See also: Senda

CatalanEdit

EtymologyEdit

From Latin sēmita (narrow way, footpath).

PronunciationEdit

NounEdit

senda f (plural sendes)

  1. footpath

SynonymsEdit

Further readingEdit


FaroeseEdit

EtymologyEdit

From Old Norse senda, from Proto-Germanic *sandijaną.

VerbEdit

senda (third person singular past indicative sendi, third person plural past indicative sent, supine sent)

  1. to send

ConjugationEdit

Conjugation of senda (group v-5)
infinitive senda
supine sent
participle (a7)1 sendandi sendur
present past
first singular sendi sendi
second singular sendir sendi
third singular sendir sendi
plural senda sendu
imperative
singular send!
plural sendið!
1Only the past participle being declined.

IcelandicEdit

EtymologyEdit

From Old Norse senda, from Proto-Germanic *sandijaną.

PronunciationEdit

VerbEdit

senda (weak verb, third-person singular past indicative sendi, supine sent)

  1. to send

ConjugationEdit


Norwegian NynorskEdit

Alternative formsEdit

EtymologyEdit

From Old Norse senda, from Proto-Germanic *sandijaną. Akin to English send.

PronunciationEdit

VerbEdit

senda (imperative send, present tense sender, simple past sende, past participle sendt, present participle sendande)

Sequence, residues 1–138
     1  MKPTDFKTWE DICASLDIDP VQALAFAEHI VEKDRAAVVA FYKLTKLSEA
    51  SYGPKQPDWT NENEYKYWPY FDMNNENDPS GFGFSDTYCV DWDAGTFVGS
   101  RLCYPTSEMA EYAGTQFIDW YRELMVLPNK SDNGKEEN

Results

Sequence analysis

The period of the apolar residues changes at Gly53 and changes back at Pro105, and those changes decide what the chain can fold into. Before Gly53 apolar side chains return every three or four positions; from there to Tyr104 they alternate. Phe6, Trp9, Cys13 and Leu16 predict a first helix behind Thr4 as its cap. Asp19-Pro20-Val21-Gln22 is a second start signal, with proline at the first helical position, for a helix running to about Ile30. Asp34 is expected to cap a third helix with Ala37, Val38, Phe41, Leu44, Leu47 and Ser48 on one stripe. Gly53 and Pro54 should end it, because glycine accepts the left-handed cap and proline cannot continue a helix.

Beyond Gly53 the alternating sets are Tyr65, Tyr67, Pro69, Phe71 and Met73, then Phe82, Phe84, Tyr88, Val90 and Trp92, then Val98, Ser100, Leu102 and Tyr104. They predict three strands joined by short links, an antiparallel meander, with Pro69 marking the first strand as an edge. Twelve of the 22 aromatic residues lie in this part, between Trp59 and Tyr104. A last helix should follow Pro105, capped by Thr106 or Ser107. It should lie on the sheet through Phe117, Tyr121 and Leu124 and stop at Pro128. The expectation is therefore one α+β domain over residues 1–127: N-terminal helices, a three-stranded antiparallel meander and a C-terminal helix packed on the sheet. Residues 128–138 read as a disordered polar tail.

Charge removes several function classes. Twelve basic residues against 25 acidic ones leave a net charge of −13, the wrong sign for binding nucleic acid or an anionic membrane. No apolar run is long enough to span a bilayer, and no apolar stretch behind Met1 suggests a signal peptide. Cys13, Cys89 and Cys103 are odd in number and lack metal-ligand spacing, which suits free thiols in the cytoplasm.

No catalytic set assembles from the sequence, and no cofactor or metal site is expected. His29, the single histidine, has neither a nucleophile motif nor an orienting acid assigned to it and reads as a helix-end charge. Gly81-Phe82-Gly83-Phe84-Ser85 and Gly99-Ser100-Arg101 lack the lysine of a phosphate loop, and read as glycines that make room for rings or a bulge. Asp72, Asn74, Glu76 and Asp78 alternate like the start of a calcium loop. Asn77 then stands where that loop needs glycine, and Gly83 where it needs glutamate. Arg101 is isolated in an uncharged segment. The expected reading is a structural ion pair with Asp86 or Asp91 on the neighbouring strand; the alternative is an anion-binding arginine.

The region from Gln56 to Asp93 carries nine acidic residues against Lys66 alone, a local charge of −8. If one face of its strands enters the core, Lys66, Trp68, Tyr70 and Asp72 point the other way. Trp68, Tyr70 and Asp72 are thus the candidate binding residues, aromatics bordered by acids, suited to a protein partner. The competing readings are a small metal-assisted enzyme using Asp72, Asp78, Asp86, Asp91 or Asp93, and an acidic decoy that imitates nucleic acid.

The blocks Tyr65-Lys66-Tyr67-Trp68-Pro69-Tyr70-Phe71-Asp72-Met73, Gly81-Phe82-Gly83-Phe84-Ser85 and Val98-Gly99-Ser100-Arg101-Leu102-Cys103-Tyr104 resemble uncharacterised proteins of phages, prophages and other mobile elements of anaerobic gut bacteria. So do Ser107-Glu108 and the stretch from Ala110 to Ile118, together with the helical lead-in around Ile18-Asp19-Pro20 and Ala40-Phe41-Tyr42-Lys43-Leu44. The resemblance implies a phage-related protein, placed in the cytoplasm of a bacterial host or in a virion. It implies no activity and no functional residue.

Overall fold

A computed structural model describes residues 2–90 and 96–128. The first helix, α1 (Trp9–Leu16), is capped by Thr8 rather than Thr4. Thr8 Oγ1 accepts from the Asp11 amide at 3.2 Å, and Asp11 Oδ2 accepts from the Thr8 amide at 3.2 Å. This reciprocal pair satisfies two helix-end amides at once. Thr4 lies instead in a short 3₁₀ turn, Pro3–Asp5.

1. to send (make something go somewhere)
    Eg sender eit brev.
    I am sending a letter.
  2. to transmit
    Radiostasjonen sender på denne frekvensen.
    The radio station transmits on this frequency.

ReferencesEdit


Old NorseEdit

EtymologyEdit

From Proto-Germanic *sandijaną, causative form of Proto-Indo-European *sent- (to head for, go) (so literally "to make someone go"). Compare Old Saxon sendian, Old Frisian senda, Old English sendan, Gothic 𐍃𐌰𐌽𐌳𐌾𐌰𐌽 (sandjan).

VerbEdit

senda

  1. to send

ConjugationEdit

DescendantsEdit

  • Danish: sende
  • Faroese: senda
  • Icelandic: senda
  • Norwegian: sende, senda
  • Swedish: sända

ReferencesEdit

  • senda in Geir T. Zoëga (1910) A Concise Dictionary of Old Icelandic, Oxford: Clarendon Press

PortugueseEdit

Alternative formsEdit

EtymologyEdit

From Old Portuguese senda, from Latin sēmita (narrow way, footpath).

PronunciationEdit

NounEdit

senda f (plural sendas)

  1. footpath

RomanschEdit

EtymologyEdit

From Latin sēmita (narrow way, footpath).

NounEdit

senda f (plural sendas)

  1. path, footpath

Derived termsEdit


SpanishEdit

EtymologyEdit

From Latin sēmita (narrow way, footpath).

PronunciationEdit

NounEdit

senda f (plural sendas)

  1. footpath
    Synonym: sendero

Related termsEdit

Further readingEdit